Springfield residents question school parking lot
By Susan Smallheer
Staff Writer | March 05,2013
Len Emery photo
Members of Green Mountain Boy Scouts Troop 252 lead the Pledge of Allegiance on Monday night at the Springfield town meeting.
SPRINGFIELD — Voters had few questions about proposed town and school budgets, but more questions were about a new parking lot at Union Street School at Springfield town meeting Monday night.
The lack of economic development and whether spending more than $200,000 on a new parking lot at Union Street School was a wise move generated the most discussion.
Both budgets will be decided by voters today.
Voters began their town meeting with a Pledge of Allegiance, led by Troop 252 of the Green Mountain Council. The Boy Scouts stayed and watched the town meeting for more than an hour as their elders debated the bread and butter of budgets — paving roads, fixing roofs and staffing.
Interim Superintendent Zach McLaughlin said the Union Street School parking construction project wasn’t just about parking, but said it was also about creating a more secure entrance to the school.
Under the proposal, the school district would buy a house immediately in front of the school, tear it down and create new parking spaces.
Several people spoke in favor of the project — saying the school was in a difficult part of town and the safety of schoolchildren was more important.
George McNaughton said the School Board was “courageous” to propose the project — which would be funded by money left over from the 2009 school construction bond.
Steve Hier, the school district’s finance director, said the use of the left over money from the elementary school renovation bond of $231,000 for the Union Street project would represent a penny and a half on the tax rate.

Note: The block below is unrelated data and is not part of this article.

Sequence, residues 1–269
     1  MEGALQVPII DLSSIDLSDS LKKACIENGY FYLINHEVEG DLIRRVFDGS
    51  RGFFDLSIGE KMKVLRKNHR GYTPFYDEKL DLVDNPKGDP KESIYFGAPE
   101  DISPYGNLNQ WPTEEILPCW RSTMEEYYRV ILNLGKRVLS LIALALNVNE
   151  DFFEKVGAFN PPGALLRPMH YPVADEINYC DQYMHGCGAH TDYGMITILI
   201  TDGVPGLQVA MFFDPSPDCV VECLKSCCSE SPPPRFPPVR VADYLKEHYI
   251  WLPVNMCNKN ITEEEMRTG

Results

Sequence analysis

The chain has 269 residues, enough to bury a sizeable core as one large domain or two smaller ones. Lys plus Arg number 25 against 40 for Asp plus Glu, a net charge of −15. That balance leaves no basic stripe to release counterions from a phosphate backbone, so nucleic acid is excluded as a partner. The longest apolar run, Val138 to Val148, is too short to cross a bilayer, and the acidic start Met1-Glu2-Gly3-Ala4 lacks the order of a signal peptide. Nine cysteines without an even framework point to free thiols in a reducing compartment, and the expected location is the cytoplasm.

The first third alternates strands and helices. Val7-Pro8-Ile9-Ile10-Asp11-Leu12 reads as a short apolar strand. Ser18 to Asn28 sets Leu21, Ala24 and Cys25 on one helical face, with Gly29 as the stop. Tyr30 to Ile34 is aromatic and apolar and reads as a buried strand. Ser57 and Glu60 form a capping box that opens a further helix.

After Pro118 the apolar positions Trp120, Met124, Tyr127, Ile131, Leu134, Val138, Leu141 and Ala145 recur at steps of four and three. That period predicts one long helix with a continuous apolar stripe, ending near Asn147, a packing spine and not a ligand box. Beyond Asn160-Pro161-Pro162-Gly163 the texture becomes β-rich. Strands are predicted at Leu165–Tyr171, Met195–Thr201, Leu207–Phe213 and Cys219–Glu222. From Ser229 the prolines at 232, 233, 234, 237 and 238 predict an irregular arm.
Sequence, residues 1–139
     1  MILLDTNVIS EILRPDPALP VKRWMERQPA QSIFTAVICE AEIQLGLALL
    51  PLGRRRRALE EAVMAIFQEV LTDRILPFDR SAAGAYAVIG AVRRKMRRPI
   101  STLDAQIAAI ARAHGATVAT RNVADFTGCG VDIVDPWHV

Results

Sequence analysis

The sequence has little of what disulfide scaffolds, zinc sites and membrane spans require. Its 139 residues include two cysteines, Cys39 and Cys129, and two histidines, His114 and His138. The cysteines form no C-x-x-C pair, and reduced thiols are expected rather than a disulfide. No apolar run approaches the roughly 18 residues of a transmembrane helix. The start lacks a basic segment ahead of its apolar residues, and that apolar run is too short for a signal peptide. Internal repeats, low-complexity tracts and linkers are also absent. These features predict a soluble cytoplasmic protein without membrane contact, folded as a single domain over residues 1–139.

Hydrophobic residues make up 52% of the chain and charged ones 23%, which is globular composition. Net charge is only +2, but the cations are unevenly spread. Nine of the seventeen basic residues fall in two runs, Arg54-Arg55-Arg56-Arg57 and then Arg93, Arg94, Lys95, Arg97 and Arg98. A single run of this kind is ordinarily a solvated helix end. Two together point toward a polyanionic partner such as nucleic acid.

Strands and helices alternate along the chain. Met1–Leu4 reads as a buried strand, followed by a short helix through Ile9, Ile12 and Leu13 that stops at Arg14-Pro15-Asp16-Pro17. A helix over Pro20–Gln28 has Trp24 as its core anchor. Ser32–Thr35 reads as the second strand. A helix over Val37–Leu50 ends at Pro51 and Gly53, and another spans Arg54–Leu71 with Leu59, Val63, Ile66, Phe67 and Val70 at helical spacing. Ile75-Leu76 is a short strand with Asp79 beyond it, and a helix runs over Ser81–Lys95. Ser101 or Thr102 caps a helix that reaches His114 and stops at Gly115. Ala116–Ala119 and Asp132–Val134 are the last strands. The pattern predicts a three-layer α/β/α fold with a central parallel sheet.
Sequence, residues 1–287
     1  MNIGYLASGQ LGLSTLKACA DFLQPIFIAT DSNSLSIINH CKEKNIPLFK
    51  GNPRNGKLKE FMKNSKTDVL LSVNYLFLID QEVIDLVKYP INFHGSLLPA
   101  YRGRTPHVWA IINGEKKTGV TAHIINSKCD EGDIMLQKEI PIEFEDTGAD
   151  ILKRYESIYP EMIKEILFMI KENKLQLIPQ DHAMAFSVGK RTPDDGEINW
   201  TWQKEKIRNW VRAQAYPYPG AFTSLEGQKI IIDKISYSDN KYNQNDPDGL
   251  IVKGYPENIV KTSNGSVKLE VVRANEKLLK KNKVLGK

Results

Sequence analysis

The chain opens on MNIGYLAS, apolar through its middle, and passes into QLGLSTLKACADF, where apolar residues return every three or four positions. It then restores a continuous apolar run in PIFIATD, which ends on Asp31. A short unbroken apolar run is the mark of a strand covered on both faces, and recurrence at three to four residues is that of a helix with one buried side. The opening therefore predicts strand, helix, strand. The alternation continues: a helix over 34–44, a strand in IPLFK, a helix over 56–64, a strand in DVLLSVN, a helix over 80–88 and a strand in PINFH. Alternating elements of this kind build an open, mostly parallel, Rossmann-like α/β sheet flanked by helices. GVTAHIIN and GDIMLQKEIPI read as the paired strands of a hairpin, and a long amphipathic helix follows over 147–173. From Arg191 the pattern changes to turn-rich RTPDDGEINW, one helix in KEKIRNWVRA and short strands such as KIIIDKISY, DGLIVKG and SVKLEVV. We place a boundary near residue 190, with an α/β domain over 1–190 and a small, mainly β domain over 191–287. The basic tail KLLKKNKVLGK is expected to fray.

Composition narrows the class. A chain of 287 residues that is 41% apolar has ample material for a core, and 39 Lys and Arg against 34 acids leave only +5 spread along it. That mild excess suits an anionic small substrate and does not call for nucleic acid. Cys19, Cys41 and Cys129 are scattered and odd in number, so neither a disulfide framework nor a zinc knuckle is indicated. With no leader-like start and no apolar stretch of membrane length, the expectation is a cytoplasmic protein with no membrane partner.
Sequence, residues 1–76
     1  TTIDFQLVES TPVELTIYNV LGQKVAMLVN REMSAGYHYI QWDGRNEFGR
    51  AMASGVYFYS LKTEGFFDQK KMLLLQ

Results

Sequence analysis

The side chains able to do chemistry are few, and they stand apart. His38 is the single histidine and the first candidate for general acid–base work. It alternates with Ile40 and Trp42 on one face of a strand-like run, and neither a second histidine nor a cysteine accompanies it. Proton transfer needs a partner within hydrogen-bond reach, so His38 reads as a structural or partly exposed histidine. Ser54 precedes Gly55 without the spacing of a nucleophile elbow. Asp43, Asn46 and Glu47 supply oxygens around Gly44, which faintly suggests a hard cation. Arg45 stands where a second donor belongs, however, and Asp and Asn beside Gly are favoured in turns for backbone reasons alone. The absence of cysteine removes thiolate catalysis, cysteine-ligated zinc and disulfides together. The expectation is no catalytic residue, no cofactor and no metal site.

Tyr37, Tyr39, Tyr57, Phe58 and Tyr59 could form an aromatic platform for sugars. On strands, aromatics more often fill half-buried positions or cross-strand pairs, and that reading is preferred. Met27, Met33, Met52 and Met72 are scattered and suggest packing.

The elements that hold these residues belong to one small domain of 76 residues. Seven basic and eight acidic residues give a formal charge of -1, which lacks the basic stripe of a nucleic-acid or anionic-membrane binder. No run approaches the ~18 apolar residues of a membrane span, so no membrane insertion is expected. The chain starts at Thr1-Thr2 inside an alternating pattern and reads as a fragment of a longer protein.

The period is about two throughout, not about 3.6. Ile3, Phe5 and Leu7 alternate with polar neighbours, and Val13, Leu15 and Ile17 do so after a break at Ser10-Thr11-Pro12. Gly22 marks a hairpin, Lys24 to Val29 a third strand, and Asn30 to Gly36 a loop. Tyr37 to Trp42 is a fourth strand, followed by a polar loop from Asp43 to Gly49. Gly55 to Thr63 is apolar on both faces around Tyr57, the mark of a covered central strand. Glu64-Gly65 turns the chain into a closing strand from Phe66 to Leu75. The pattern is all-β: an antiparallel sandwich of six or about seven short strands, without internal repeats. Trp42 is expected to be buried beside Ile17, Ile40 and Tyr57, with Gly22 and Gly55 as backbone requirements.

About 150 people attended the meeting, but there were very few decisions made at the meeting — the bulk of decisions will be made in the voting booth today during all-day Australian balloting at Riverside Middle School.
Hier said that much of the leftover money from the bond was a result of higher than expected state reimbursement on the new wood chip boiler installed at the Elm Hill School. He said as a result, the school received 90 percent reimbursement, or $217,000.
One resident questioned the wisdom of using the leftover bond money for a handful of parking spaces, when the money could be used to pay down the school bond.
Alan Lockwood, a perennial at town meeting, kicked off the questioning, bemoaning the lack of new business in town.
Town Manager Robert Forguites admitted that the only new business in town was the new Black River Produce in the former Ben & Jerry’s Homemade Inc. building in North Springfield, that is being converted to a meat processing facility.
Forguites said the $10 million town budget was up $471,000, which would need a 3.07 percent tax increase.
On the school budget side, School Board Chairman Scott Adnams said that the $27.7 million school budget was up 2.6 percent, which he said was half of the state average school budget increase.